Until a new president is elected, the dynamics of DC remain the dynamics because of structure, not personalities. The Treasury Department says Congress has to raise the debt ceiling by Nov. 5. Congress will agree to bump it again. Congress has to reach a two-year budget deal before funding expires. Republicans will agree, because they will not want to close down government. And conservatives will be mad.
Long-term implications, though, may be different. Certain things can and should get done.
Sooner or later, though, after someone else takes over, that new leadership will strive to maintain intraparty stability and demand disciple. That’s its job. And a bunch of newcomers will show up and want to change things, as they always do. In 1994, there was a Republican revolution in the House. By 1998, there was another House rebellion, this one overthrowing Newt Gingrich. That tension will never go away. It’s not a good thing for professional partisans, but hardly a tragedy for the rest of us. Or, at least, it’s a lot healthier for a republic than watching unprincipled politicians uncritically take orders from their leadership.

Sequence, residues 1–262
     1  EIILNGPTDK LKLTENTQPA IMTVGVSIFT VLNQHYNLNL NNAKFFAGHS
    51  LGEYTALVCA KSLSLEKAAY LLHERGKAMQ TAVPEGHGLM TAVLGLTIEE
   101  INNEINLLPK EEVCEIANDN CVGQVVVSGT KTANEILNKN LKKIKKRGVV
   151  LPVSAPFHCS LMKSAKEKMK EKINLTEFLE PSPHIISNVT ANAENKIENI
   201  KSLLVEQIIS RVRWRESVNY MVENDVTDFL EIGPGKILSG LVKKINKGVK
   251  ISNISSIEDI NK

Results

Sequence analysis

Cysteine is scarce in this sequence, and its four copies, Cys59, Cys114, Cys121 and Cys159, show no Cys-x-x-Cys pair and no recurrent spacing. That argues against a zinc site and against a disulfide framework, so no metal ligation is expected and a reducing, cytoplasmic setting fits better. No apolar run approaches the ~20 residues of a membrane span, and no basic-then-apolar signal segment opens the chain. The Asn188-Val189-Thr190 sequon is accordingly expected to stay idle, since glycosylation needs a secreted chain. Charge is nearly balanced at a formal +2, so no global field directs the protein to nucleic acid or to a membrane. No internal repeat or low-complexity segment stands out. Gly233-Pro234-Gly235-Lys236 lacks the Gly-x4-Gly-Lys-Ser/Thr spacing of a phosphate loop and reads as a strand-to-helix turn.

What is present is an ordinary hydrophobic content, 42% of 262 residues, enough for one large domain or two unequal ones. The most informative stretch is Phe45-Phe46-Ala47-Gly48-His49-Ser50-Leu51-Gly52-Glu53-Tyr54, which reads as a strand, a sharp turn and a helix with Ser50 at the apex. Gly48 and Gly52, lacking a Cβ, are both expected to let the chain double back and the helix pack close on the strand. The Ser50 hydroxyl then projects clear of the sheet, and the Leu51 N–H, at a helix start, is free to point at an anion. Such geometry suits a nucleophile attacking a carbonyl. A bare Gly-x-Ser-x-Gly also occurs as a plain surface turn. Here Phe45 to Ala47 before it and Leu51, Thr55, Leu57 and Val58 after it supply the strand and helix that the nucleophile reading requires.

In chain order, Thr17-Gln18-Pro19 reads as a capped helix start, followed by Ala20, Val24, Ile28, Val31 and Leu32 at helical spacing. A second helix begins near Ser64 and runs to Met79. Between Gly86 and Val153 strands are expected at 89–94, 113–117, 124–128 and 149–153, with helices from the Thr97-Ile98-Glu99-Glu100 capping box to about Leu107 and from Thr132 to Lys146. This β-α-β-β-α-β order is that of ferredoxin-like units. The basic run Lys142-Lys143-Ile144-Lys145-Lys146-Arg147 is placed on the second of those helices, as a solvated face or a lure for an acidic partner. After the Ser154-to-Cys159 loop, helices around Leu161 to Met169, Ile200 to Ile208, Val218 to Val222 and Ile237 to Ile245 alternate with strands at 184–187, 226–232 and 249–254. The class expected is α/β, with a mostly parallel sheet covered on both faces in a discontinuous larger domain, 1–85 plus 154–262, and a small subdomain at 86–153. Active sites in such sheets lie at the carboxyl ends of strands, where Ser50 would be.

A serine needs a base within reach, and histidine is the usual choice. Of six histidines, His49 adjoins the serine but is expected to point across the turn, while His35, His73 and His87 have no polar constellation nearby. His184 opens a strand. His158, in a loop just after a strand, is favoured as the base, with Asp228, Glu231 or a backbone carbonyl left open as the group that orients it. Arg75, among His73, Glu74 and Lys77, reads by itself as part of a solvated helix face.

The House most directly represents the American voter, yet The Beltway sees pandemonium when the representatives of those voters no longer want to be managed and “governed,” but also have a voice. This doesn’t signify the end of the republic. And it doesn’t mean Republicans are on the verge of ceasing to function as a national political party. Though, you’re free to dream.